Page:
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That’s the question raised by this terrific Wall Street Journal story. The firm is GlobalOptions, an extremely well-connected company run by, among others, former FBI and CIA officials. The Kazakh government apparently retained GlobalOptions to monitor, and possibly seek to derail, a Justice Department investigation into James Giffen, an American oilman who is suspected of paying tens of millions of dollars in bribes to President Nursultan Nazarbayev.
Dariga Nazarbayeva, the Kazakh president’s powerful daughter, reportedly lined up the services of the private-security firm. (I met Dariga a few years ago at a reception at the Washington offices of GlobalOptions. She invited me to visit Kazakhstan and told me that if I took her up on the invitation I was certain to meet some beautiful local women. Quite a strange encounter.) In addition to being extremely “murky” in its operations, GlobalOptions was also (as I reported a few years ago) an Iraq war profiteer.
More from Ken Silverstein:
Perspective — October 23, 2013, 8:00 am
How pro-oil Louisiana politicians have shaped American environmental policy
Postcard — October 16, 2013, 8:00 am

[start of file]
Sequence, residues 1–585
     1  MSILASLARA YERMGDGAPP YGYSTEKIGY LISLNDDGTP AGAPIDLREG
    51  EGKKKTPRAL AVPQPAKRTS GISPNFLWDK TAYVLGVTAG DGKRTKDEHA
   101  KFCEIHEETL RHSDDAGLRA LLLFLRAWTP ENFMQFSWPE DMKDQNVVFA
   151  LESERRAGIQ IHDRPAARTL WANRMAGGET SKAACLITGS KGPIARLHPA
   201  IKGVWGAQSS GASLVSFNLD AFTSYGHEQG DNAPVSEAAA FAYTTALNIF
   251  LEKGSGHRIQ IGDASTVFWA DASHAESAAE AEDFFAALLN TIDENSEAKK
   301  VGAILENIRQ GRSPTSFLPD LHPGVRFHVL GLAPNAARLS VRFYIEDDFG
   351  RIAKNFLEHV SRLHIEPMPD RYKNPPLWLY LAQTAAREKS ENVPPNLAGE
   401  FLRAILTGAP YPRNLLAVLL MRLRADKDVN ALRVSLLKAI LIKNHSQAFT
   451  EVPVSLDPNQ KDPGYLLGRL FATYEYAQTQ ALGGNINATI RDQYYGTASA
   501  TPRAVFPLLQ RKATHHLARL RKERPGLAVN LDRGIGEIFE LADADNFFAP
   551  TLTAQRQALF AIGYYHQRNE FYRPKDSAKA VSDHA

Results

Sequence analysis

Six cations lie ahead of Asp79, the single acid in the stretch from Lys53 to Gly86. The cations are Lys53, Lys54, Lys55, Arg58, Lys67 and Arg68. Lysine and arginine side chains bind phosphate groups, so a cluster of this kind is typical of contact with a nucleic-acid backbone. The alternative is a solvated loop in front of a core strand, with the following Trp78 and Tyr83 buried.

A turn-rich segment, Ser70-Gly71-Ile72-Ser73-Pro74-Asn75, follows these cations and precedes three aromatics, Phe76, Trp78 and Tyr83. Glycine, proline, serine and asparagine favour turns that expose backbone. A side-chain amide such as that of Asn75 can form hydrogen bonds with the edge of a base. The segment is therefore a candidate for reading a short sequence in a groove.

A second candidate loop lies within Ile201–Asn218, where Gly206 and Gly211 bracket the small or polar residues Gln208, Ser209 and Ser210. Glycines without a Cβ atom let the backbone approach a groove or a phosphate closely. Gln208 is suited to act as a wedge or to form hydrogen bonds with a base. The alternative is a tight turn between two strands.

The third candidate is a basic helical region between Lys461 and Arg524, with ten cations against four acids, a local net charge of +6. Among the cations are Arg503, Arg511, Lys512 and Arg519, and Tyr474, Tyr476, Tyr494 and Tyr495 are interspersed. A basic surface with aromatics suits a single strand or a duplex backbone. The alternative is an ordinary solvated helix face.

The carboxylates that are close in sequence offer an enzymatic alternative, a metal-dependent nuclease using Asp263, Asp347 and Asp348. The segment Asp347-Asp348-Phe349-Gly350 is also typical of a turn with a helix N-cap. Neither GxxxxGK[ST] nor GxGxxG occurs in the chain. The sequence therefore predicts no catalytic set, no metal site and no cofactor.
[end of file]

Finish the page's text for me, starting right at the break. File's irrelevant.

A trip to one of the properties at issue in Louisiana’s oil-pollution lawsuits
Acres of hemp grown by “patriotic‚” U.S. farmers in 1942 at the behest of the U.S. government:
A study suggested that the health effects of exposure to nuclear radiation at Chernobyl were no worse than ill health resulting from smoking and normal urban air pollution.
Greenpeace apologized after activists accidentally defaced the site of Peru’s 2,000-year-old Nazca Lines when they unfurled cloth letters reading “time for change” near the ancient sand drawings. “We fully understand,” the group wrote in a statement, “that this looks bad.”
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“I hope that after reading the following pages the leaders of the Y. M. C. A. will start a campaign to induce good young men to do nothing. If so, I shall not have lived in vain.”